Direct Action Gets the Goods and 1919 by the Graphic History Collective provide an illustrated history of workers strikes in Canada that add to a culture of activist art that will inspire new generations of activists to organize, fight and win. Where Direct Action provides a broad overview of strikes from 1800 to the present day, 1919 digs deep into the 1919 Winnipeg General strike to discuss the organizing strategies necessary for a general strike, and highlight the role of the state and employers in dividing workers.
These graphic histories argue that strikes are the most effective weapon workers have. First, strikes hit at the core of capitalism, the ability employers to make profits. In 2019, with Canadian workers often seeing strikes as action of last resort, these graphic histories reminds us that withholding your labour is a proven tactic in winning better working conditions.
Second, strikes not only address disputes between workers and their employers, but result in broader economic and political gains. For example, CUPW postal workers went on strike in 1981 which helped secure maternity leave for workers across Canada. Further, in the 1990’s, general strikes in Ontario mobilized workers in “Days of Action” that protested the austerity agenda of Progressive Conservative Premier Mike Harris. The Days of Action strikes and protests showcased the power of workers, and the inability of these strikes to topple Harris, was the result of labour leadership pulling the plug on the strikes too soon.
Third, each strike yields important lessons and legacies regardless whether the strike results in victory. One lesson highlighted is the importance of solidarity as a critical precondition for an effective strike. That is, solidarity must be built with non-union workers, and across gender, immigration status and with indigenous peoples. And when done effectively, strikes politicize and mobilize a generation of workers, helping to contribute to the success of future direct actions for decades.
While emphasizing that building solidarity is important, I hoped these graphic histories offered more to address how to protect and empower marginalized workers who are greater risk during a strike. Specifically, racialized, indigenous, immigrant and other marginalized workers are disproportionately victims of state and police violence. To their credit, these books are unafraid to emphasize that Canadian governments routinely use policy and police to suppress workers on strike. For example in 1919, David Lester’s brutal illustrations of Bloody Saturday highlight the violence that occured when the Royal Northwest Mounted Police charged demonstrators. In the aftermath, two protestors were killed, while many others were wounded, arrested, imprisoned and deported. Given Canada’s current polarized political landscape, I wish the graphic histories went deeper in how we can support each other collectively if the graphic histories wish for strikes to occur more often.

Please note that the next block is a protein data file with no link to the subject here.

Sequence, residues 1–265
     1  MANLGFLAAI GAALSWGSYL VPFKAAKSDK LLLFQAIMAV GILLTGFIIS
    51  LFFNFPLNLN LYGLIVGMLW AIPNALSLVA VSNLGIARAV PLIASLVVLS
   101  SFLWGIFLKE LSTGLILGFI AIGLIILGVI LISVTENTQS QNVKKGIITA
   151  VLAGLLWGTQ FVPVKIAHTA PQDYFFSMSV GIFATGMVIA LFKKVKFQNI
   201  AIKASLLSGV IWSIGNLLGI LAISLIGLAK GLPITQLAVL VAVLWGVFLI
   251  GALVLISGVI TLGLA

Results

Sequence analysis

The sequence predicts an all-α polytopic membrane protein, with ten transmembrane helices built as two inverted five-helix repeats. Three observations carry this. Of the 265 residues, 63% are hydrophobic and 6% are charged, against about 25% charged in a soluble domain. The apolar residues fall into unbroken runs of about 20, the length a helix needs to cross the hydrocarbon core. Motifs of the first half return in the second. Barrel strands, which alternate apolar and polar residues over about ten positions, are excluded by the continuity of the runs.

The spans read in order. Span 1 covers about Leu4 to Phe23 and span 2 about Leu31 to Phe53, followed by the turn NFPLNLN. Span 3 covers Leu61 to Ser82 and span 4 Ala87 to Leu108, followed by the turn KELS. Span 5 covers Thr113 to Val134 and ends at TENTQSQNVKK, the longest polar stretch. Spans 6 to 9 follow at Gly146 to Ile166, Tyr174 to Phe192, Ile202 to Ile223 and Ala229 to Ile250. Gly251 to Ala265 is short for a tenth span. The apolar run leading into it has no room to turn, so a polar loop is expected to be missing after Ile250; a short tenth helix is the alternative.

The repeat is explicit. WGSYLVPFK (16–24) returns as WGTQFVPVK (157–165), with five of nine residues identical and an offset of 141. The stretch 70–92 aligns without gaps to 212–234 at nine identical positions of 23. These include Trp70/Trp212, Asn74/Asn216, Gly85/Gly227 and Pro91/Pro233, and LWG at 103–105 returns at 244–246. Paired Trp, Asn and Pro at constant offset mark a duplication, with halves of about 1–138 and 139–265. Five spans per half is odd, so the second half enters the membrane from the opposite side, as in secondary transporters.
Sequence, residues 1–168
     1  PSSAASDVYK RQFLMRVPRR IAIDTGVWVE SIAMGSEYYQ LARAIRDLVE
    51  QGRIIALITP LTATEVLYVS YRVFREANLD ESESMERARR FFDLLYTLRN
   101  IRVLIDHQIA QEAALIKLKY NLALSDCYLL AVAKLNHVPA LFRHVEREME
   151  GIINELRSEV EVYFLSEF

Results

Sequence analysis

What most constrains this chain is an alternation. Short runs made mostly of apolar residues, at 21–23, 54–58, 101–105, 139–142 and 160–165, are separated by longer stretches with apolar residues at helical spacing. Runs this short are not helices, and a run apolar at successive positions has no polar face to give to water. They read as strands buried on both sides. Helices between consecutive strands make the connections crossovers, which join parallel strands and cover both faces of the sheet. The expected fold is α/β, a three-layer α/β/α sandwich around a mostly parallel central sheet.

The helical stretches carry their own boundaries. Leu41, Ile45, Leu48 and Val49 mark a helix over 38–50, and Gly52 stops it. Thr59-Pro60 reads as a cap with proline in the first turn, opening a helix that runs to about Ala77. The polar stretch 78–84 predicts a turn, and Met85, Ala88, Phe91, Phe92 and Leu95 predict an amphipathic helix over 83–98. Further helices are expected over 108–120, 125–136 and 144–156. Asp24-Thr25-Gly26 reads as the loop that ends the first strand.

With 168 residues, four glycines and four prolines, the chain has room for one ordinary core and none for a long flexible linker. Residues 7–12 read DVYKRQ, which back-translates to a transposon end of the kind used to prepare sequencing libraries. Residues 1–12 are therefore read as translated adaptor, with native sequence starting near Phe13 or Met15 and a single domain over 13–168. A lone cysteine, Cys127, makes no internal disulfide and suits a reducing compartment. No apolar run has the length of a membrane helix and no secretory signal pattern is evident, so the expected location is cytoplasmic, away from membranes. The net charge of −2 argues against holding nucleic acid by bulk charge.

I appreciate the effort to transform working class history into a comic format. Attractive illustrations and shorter blocks of text help make learning about labour strikes in Canada more accessible and enjoyable for a wider audience. I also appreciate that the time taken to research the facts and provide a bibliography for further reading.
Nonetheless, my favourite panels are those where illustrators took creatively liberties with the source material. While some panels may be historically accurate as they were inspired by photographs, I enjoyed the drawings in which the artists had creative interpretations of the scene. For example, Lester’s vivid illustration of Bloody Saturday in 1919 helped show the violence of the day. And I loved the all different artists takes on Sabo-Cat and spotting the cat slink and stalk throughout each frame was great.
I also wished these graphic histories delved deeper into individual characters. While many individuals are named, we rarely learn about their personalities. Were there workers who were afraid to strike? In the introduction of 1919, the authors suggest it takes hard work to raise awareness of class struggle. What were these conversations to raise class consciousness? If the goal is to inspire readers to consider going on strike, further exploring the doubts of workers and how organizers overcome these challenges would be worthwhile.
Furthermore, I understand interpretations of history is political and historical storytelling is not value-neutral, but it would be interesting to see a portrayal of workers and the state in less black-and-white terms. Admittedly, there are some good examples of this in the books. In 1919, there is a panel where workers recognized police as workers too and the police in turn showed their support of the demonstrators. And in Direct Action, there is example where workers went on strike to limit competition from American, Japanese and indigenous fishermen. But otherwise workers are shown as uniformly determined to go on strike and all members of the politicians and the police want to crush them.
Nonetheless, both these graphic histories were enjoyable reads and I look forward to see what the Graphic History Collective is up to next.
Direct Action Gets the Goods: A Graphic History of the Strike in Canada by the Graphic History Collective and 1919: A Graphic History of the Winnipeg General Strike Graphic History Collective and David Lester are available from Between the Lines.